UPDATE: The 2014 Chevrolet SS has been revealed. Click here for all the details.
Chevrolet, together with officials from fellow GM subsidiary Holden, has confirmed today that the Australian designed and built Holden Commodore sedan will return to U.S. shores as the 2014 Chevrolet SS.
A racing version will compete in next year’s NASCAR Sprint Cup season as the replacement for the Impala.
It will make its official debut at the 2013 Daytona 500 next February.
The production Chevy SS will also make its debut in 2013 before going on sale by the end of that same year.
The car will be based on the facelifted VF Holden Commodore due out in the Australian market towards the end of this year. Some subtle changes are expected for the U.S. version in the same way that the current VE Commodore was tweaked for its role as the Pontiac G8. Importantly, the new SS will be rear-wheel drive, finally ending Chevrolet’s 17-year drought for rear-wheel drive sedans in the U.S.
Speaking at today’s announcement, GM’s North American chief and former Holden boss Mark Reuss said, “I am delighted to say that Chevrolet will deliver a true rear-wheel drive NASCAR race car in the SS that very closely links the performance sedan that will be available for sale.” He went on to add, “The Chevrolet SS is a great example of how GM is able to leverage its global product portfolio to deliver a unique performance experience that extends well beyond the track and I am personally looking forward to driving it.”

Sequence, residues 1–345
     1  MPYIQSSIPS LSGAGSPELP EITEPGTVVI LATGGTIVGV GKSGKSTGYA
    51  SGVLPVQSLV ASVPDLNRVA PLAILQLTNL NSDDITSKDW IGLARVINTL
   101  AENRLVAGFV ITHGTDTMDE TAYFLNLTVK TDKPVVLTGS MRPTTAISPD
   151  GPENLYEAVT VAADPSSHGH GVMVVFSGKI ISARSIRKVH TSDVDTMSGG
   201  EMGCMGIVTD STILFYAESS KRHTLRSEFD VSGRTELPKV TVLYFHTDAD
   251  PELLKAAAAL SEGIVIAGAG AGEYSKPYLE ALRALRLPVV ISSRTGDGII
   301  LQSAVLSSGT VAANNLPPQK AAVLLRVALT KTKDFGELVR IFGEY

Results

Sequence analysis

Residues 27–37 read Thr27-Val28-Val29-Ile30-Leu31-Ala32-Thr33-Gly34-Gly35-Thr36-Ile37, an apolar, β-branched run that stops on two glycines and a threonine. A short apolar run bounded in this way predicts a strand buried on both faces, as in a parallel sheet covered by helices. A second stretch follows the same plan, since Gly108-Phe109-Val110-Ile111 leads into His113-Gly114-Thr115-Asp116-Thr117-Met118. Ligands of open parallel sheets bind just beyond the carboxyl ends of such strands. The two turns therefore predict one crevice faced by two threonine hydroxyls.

2014 Chevrolet SS logo
Few details are known about the new VF Holden Commodore, though it and the Chevy SS it will spawn will both benefit from significant technology advances including innovations in lightweight construction and fuel efficiency. This is expected to include increased use of aluminum in its construction as well as more aerodynamic styling than the current VE model. Underpinning the cars is GM’s rear-wheel drive Zeta platform, the same platform found in the Chevrolet Camaro muscle car and the Commodore’s long-wheelbase cousin, the Caprice, which is already on sale in the U.S. as the Chevrolet Caprice PPV police cruiser.
Serving as Chevrolet’s flagship, the SS will likely be available exclusively with one of GM’s LS V-8 engines, with output coming in at more than 400 horsepower. Both six-speed manual and automatic transmissions are expected and further down the line we could see smaller V-6 engines offered. There have been reports that production of the SS may eventually move to the U.S. if the car proves popular, paving the way for some of the Commodore’s other variants, such as the wagon and El Camino-esque ute, to also be offered. Currently, the high Australian dollar rules out importing these models.
As for the SS name, which is short for Super Sport, Chevrolet has a long history of using the particular designation on high-performance models of some of its most enduring nameplates. The SS designation first appeared in 1957 on a Corvette prototype race car built under the guidance of Zora Arkus-Duntov with the plan to enter it in the Le Mans 24-hour race.
2011 Holden Commodore SSV